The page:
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The Official Treehouse Articles Thread

lxskllr

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This refers back to a comment I made in the woodworking thread in regards to Raj's cutting boards, stating I appreciate imperfections in constructions and other things. This is my outlook exactly. I didn't know there was a name for it anywhere...

Wabi-sabi offers a refuge from the modern world’s obsession with perfection, and accepts imperfections as all the more meaningful – and, in their own way, beautiful.

While flawless construction can be impressive in a technical sense, it isn't as interesting to look at. Computer controlled machines and synthetic materials can make duplicate perfect pieces over and over. Perfect, but boring. Natural materials with natural flaws stand up better to time, and reveal more the closer/longer you look.
 

lxskllr

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This looks like a cool place to visit...


For decades, the Old Forge was the holy grail of the British outdoors community. The UK's remotest pub, it could only be reached via boat or a three-day walk through one of Britain's last true wildernesses, the Knoydart peninsula in Scotland. A dispute between some locals and a new owner threatened the legend—until they decided to open up a pub of their own.
 

lxskllr

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Worms apparently aren't native to North America. Here's an article saying why worms are bad...

The discovery alarmed scientists. In the absence of worms, North American hardwood forests develop a thick blanket of duff—a mille-feuille of slowly decomposing leaves deposited over the course of years, if not decades. That layer creates a home for insects, amphibians, birds, and native flowers. But when worms show up, they devour the litter within the space of a few years. All the nutrients that have been stored up over time are released in one giant burst, too quickly for most plants to capture. And without cover, the invertebrate population in the soil collapses.
 

ruel

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Read this essay at the library last month. Really interesting take on American boys and the pressures/ influences affecting their learning how to be men.

 

lxskllr

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Read this article on whoopie cushions and other novelties today...


That article isn't so amazing, but there's a lot of cool articles on that site related to collecting just about anything. It isn't just about the technicalities of collecting particular things. They go into the history of the objects, the companies that made them, and how they were used. That's basically how I spent my day today; going from one article to the next.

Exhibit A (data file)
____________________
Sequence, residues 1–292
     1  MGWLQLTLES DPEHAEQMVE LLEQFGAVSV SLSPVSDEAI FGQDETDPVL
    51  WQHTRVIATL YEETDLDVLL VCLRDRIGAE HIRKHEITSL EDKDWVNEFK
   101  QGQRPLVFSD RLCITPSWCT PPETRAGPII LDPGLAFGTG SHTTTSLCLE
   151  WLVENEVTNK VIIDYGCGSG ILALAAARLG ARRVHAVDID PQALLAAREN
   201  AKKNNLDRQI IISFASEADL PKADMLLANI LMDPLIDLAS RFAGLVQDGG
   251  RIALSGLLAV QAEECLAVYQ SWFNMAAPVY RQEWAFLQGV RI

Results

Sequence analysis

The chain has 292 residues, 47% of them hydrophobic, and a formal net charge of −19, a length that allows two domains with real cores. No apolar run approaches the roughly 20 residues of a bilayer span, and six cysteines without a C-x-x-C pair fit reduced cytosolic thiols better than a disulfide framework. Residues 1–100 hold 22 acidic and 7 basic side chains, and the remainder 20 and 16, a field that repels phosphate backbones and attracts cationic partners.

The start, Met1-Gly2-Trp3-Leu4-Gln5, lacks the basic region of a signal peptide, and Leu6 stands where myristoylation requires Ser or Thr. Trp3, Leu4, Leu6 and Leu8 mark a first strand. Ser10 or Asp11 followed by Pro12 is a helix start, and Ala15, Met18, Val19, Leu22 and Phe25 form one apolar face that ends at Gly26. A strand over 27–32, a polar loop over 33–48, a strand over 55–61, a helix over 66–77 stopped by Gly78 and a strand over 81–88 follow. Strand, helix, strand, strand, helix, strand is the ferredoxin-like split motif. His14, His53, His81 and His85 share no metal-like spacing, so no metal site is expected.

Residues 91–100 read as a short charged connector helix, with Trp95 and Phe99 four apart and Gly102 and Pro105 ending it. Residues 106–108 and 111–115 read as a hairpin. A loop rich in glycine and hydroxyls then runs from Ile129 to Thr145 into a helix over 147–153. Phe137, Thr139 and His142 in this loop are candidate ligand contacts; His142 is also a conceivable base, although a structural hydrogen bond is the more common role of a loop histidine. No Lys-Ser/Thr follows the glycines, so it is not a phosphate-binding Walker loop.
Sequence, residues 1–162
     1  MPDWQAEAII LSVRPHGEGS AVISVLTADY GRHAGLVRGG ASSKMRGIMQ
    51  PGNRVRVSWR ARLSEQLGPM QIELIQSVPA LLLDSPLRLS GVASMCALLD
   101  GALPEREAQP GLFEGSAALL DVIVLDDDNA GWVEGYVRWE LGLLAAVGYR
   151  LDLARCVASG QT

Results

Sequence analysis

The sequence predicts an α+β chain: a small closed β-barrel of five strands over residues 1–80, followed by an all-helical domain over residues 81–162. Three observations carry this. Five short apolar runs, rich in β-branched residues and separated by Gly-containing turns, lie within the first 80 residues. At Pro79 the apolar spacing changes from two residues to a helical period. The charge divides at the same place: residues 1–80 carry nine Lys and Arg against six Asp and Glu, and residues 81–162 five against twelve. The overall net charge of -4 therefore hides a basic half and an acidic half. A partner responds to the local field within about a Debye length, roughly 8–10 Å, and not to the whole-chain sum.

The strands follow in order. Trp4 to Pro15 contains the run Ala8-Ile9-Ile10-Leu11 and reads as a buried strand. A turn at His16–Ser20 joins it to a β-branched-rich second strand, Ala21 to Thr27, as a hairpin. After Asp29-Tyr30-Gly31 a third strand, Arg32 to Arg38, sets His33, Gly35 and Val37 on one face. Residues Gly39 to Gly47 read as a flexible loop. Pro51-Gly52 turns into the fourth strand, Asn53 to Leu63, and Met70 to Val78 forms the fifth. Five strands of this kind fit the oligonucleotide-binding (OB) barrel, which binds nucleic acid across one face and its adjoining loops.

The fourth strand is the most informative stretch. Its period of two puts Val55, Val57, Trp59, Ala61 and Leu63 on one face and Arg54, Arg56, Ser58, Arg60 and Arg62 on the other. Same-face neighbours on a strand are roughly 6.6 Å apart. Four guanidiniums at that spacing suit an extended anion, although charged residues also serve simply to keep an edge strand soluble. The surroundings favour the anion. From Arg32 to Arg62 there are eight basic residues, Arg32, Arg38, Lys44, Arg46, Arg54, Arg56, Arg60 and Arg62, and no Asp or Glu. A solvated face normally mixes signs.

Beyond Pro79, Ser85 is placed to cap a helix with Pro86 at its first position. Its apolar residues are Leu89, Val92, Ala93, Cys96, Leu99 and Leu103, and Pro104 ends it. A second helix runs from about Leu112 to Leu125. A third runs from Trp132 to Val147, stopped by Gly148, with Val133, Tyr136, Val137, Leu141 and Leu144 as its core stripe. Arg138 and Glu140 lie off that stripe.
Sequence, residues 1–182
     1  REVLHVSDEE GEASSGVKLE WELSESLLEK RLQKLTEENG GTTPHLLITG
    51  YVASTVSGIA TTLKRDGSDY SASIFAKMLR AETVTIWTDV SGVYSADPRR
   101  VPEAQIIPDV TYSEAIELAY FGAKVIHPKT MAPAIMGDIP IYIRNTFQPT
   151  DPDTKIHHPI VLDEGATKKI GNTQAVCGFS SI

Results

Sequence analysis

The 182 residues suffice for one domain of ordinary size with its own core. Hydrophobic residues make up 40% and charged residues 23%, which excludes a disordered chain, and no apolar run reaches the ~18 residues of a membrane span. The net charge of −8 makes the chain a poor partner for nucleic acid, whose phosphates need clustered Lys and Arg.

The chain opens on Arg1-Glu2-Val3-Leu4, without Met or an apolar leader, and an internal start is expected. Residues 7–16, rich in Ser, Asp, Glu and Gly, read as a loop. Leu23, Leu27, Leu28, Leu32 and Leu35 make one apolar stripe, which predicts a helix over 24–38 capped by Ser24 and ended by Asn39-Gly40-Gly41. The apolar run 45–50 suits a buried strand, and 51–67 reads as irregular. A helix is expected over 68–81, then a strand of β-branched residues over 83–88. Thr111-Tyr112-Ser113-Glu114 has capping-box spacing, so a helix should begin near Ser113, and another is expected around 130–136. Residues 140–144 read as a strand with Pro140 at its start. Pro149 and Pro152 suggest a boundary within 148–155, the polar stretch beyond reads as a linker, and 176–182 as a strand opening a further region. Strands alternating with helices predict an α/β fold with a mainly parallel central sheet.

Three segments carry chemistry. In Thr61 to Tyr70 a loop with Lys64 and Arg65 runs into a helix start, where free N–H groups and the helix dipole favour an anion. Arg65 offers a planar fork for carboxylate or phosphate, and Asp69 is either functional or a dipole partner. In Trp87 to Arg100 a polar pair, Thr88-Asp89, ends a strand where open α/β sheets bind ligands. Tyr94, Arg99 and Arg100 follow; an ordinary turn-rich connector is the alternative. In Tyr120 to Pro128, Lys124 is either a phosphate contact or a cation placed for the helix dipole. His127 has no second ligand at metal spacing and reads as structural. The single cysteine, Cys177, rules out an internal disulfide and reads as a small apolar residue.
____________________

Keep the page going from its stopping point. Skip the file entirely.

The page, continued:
cory

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Sucked into the wormhole of collecting
 

cory

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Nice!

Do you wear any copper?
 

lxskllr

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I used to wear copper bracelets I made, but I got out of the habit. Reading that article brought it to mind, and I think I'll see if I can dig one up.
 

cory

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Ive heard it said copper can help with inflammation etc, ever notice any benefits like that with the bracelet?
 

lxskllr

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No, I never noticed it helped anything, but I'm physically fairly problem free. I'll occasionally get joint pain in various joints, but it's infrequent and very short lived, so it would be hard to tell if anything helped. It does turn your arm a lovely shade of green in the summer :^P
 

stig

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Nothing new in that article, and they fail to bring up Truman's real reason for using the bomb.

To show the Russkies that he had it.
 

cory

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Interesting.

My 65 y o buddy who I logged a lot with in CT in early 80s just got diagnosed with a brain tumor this week :(
 

lxskllr

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Good luck to your buddy. An online guy I know had a brain tumor at about that age, and he's doing... Alright I guess. He's had some challenges, but he's doing ok, and has kept a good attitude.
 

Tree09

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My labels are gone too, but I'm still gonna take them back. It's obvious where they are from imo
 

cory

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Yo, I hope y'all can access this link, its a pretty cool, basic look at how giant container ships are built. Kinda mind boggling really. And that welding tho :headbang:

 

Tree09

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Lots and lots of welding for sure. When i was in welding school they had a stick rod that they used to use from back in the day, it was about 4 foot long and about an inch thick. Used to use a huge carriage to weld with them :lol:
 
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